Movie review: Wes Anderson goes grand in “Budapest Hotel”

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From the March 20, 2014 edition

For almost two decades, Wes Anderson has firmly established himself as the Quirkmaster General of American Cinema. It’s tough to name another director whose signature style is quite so unmistakably his. Quentin Tarantino comes to mind, but that’s about it.

Anderson has carved out his whimsical little corner of the film world, and he’s honed his skills to fit that niche, from his visual sense to the storybook characters and plotlines he weaves.

“The Grand Budapest Hotel” is Anderson’s most, well, grand movie yet. Whether fans consider it among his best will likely come down to what their previous favorite Anderson flicks were, but its quality isn’t up for debate.

Over the years we follow the saga of the magnificently named Zero Moustafa (played by Tony Revolori as a young man and F. Murray Abraham as an old man). When we meet him, he’s an impossibly wealthy man staying in the lovely hotel of the title.

How he got to be an impossibly wealthy man is a grand tale from his beginnings as an eager hotel lobby boy under the tutelage of M. Gustave (Ralph Fiennes).

Gustave is a legendary concierge who knows how to make his wealthy guests happy — particularly older lonely women. “When you’re young, it’s all filet cuts,” Gustave notes, “but as you get older, you have to go for the cheaper cuts.”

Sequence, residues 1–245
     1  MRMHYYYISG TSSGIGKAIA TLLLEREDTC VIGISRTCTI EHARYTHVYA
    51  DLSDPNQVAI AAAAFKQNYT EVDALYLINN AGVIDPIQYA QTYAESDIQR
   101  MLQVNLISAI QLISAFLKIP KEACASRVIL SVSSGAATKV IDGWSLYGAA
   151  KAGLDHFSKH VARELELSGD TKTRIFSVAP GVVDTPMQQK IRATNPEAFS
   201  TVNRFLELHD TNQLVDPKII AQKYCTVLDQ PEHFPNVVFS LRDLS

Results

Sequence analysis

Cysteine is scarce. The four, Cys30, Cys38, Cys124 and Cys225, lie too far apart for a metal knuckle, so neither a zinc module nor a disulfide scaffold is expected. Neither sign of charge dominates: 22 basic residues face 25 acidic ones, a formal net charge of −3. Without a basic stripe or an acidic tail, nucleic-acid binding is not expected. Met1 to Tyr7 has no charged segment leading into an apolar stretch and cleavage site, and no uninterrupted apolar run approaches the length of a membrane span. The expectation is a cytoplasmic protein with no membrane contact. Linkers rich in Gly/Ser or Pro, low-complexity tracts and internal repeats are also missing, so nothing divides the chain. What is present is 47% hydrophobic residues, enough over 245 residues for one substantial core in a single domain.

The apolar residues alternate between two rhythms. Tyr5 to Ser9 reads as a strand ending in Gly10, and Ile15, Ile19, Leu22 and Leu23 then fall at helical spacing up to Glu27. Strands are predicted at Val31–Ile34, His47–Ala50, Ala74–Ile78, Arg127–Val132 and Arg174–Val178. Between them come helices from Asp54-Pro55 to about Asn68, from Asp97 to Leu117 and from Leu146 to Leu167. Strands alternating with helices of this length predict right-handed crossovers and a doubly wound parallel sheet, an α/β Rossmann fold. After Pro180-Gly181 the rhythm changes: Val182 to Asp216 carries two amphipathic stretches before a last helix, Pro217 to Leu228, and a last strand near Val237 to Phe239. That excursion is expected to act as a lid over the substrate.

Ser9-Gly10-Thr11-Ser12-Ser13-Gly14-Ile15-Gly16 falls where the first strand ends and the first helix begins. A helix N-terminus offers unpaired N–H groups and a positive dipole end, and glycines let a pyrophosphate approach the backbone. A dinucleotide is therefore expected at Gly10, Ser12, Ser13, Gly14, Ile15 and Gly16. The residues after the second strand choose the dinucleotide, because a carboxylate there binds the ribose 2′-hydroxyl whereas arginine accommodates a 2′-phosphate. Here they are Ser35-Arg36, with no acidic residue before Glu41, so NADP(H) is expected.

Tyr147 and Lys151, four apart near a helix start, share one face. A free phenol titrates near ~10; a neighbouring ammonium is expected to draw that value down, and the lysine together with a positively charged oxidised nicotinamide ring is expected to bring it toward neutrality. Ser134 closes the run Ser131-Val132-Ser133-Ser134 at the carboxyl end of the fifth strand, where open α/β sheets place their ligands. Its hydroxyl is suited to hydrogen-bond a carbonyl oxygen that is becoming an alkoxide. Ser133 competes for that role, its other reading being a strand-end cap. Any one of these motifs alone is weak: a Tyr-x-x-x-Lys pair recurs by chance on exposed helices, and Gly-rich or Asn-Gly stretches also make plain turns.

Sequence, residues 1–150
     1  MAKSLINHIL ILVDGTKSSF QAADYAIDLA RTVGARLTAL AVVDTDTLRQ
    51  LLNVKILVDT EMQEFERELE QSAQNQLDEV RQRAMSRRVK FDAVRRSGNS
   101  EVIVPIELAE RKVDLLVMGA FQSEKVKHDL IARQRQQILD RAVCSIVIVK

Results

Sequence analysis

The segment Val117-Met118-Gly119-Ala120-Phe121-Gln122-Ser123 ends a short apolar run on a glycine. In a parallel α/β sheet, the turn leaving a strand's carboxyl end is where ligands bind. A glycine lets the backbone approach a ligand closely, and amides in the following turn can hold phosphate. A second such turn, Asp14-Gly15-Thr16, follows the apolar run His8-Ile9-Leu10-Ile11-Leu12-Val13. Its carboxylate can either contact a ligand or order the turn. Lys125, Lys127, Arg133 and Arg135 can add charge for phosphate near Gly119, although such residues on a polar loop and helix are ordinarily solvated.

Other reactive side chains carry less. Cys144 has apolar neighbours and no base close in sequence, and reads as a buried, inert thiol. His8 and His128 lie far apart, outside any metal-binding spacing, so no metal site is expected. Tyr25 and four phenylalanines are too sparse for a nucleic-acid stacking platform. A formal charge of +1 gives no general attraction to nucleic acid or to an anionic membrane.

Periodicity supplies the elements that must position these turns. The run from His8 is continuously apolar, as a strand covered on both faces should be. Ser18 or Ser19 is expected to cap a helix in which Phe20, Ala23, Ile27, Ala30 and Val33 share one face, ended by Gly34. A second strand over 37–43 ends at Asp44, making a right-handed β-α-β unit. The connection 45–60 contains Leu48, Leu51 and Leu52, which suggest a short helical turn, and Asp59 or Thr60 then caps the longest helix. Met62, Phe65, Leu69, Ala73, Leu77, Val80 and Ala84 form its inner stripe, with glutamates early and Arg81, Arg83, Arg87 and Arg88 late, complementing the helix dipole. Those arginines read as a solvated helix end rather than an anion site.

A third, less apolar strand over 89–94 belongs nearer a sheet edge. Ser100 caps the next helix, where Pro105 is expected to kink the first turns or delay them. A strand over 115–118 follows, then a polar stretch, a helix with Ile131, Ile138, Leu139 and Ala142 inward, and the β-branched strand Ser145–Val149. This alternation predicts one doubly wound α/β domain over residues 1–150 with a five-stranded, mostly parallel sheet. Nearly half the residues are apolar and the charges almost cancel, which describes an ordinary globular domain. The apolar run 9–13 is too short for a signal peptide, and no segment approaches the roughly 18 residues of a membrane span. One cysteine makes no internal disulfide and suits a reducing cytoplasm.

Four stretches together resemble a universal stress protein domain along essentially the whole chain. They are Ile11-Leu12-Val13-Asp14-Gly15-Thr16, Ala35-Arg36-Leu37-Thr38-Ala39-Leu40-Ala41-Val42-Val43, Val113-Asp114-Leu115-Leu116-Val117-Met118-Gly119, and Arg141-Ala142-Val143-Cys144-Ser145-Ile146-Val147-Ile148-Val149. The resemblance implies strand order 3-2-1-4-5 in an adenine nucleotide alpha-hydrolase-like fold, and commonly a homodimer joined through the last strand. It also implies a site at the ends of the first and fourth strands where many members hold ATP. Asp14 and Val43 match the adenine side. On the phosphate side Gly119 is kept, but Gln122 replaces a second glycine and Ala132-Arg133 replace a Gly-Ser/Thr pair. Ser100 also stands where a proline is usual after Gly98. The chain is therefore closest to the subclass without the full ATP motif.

When one of his wealthy paramours dies, Gustave and Zero end up in the middle of a battle for a huge family fortune and a priceless painting.

“Budapest Hotel” runs in the vein of Anderson’s more exotic pictures (think “The Life Aquatic” and “The Darjeeling Limited”). I tend to favor his poppier fare (“Moonrise Kingdom” and “Bottle Rocket” are still my favorites), but I couldn’t help but enjoy it.

Visually, it may be Anderson’s most beautiful movie yet. Cinematographer Robert D. Yeoman (a frequent Anderson collaborator) works in multiple aspect ratios to reflect the films of each era depicted.

Newcomer Revolori is delightful as young Zero, but this movie belongs to Ralph Fiennes. It’s one of the most fun performances Anderson has ever captured.

Photo courtesy of Fox Searchlight